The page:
We have had more than just warm weather and spring flowers, the Global Gas team here at RBAC wanted to give some highlights on what’s happening in the market.
The global gas market is experiencing a significant shift as North America increases its liquefied natural gas (LNG) exports in 2023, while Europe’s demand for gas remains muted.
Warmer-than-usual weather conditions and a decline in economic activity amid the ongoing pandemic have caused a significant drop in gas prices in Europe, with some contracts in the UK reaching their lowest levels in over a decade. The shifting dynamics in the global gas market are expected to result in increased competition and lower prices, creating a challenging year for the gas market. It is crucial for energy policies and strategies to be flexible and adaptable to respond to these changing dynamics, and to leverage the opportunity for gas-importing countries to secure cheaper gas contracts and potentially boost their economies.
The global gas market is undergoing a significant shift, with North America ramping up its liquefied natural gas (LNG) exports in 2023 while Europe’s demand for gas remains muted. This changing dynamic is expected to result in increased competition and lower prices, creating a tricky year for the gas market.
According to a recent Bloomberg report, Europe’s gas demand has remained muted due to warmer-than-usual weather conditions and a decline in economic activity amid the ongoing pandemic. This has resulted in a significant drop in gas prices in the region, with some contracts in the UK dropping to their lowest levels in more than a decade.
Meanwhile, North America is expected to increase its LNG exports in 2023, with the start-up of several new liquefaction plants. The Gillis Access project by TC Energy is expected to provide access to the Haynesville shale gas production region, which could help shape the Louisiana LNG market.
As a result, the global gas market is shifting from a shortage to a glut, with increased competition and lower prices expected. While this could lead to concerns over storage capacity limits in the short term, it could also provide an opportunity for gas-importing countries to secure cheaper gas contracts, potentially boosting their economies.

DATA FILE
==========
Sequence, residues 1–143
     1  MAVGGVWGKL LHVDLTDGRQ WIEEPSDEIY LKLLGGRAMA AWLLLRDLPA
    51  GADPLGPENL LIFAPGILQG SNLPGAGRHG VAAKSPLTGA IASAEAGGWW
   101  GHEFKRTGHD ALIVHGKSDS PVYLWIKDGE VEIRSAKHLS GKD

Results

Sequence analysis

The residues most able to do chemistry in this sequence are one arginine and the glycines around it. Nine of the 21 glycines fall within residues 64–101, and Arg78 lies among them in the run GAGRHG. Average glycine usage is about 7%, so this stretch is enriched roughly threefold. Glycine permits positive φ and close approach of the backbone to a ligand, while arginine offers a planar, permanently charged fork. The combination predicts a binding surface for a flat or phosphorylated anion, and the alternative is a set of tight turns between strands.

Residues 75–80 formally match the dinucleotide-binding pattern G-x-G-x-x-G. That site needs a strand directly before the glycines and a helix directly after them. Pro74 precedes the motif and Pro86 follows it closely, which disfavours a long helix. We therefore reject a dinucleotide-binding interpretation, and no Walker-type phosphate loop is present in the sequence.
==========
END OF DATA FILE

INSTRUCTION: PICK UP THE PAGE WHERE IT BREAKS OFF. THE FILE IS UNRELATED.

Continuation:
These shifting dynamics highlight the need for flexible and adaptable energy policies that can respond to changes in the market. As the gas market navigates a tricky year, it will be interesting to see how these dynamics play out and what implications they will have for the global energy industry.
As the market shifts, with increased competition and lower prices expected, it will be crucial for energy policies to be flexible and adaptable to respond to these changing dynamics.
UNCERTAINTY FOR G7
Per Reuters, Climate ministers of the G-7 countries note there may be “considerable uncertainty” for consumption. Such uncertainties of natural gas demand have been the main focus for the Global Gas team at RBAC which added multiple modeling features to better capture and describe uncertainties such as carbon pricing, fuel switching, macroeconomics, weather driven and decarbonization policy and country level targets.
A commentary by G2M2 team on a medium to long term scenario focusing on three pathways of global gas demand was published earlier this year, comparing the different LNG scenarios, driven by different demand assumptions, available here.
RUSSIA AND CHINA COOPERATE
Before the end of 2023, Russia is anticipated to conclude a 30-year natural gas contract with China. The Power of Siberia Pipeline and the Power of Siberia 2 Pipeline are expected to carry 38 and up to 50 bcm per year, respectively, of Russian gas.
After nearly a decade of negotiation on details, including the gas price and development funding on the pipeline, concrete progress has been made on the contract recently. The gas that will be transferred to China is priced at 6.44 USD/MMBtu, which greatly discounts the current global gas price.
How will that impact Chinese demand for LNG and the regional LNG dynamics? G2M2 Market Simulator for Global Gas and LNG provides an easy and transparent approach for scenario planning and analysis. It covers all major pipelines, storage, and terminals in China.
CLIMATE AND CARBON
The price of EU carbon permits (EUA) exceeded €100 per metric ton (mt) of CO2 for the first time on February 21 and it has since come down to €87/mt. However, this drop is likely to prove temporary and the general trend is upwards, with EUA futures prices trending towards €100/mt of CO2, for gas deliveries by the end of the year, and higher in future.
With the focus on emissions, it is important to factor the CO2 price in gas delivered cost in markets like Europe. G2M2 includes a customizable demand function which integrates the carbon pricing into the demand projections.
GERMANY SHUTS DOWN NUCLEAR POWER
Germany’s last three nuclear power stations shut down, though it had delayed the closure of the three sites in 2022 after Russia reduced European gas supplies.
According to Statista, nuclear accounted for 6.5% of its electric generation for 2021, while gas accounted for 13.3%, and coal and lignite are over 30%. It is hard to see if reducing nuclear will reduce emissions. Unless wind or biofuel can make up for the lost generation, which sounds unrealistic.
As for natural gas, given the challenges that Germany is facing in replacing its gas imports from Russia with LNG and other sources, an increase in power generation from natural gas now would increase the cost of electricity for its people.
Using gas and LNG market simulation such as G2M2 allows you to create forecasts that cover a wide variety of scenarios and stay ahead of the market. Weather effects on demand, carbon pricing, changes in policy, and storage capacity expansions are just a few examples of the different types of scenarios that G2M2 can be used for.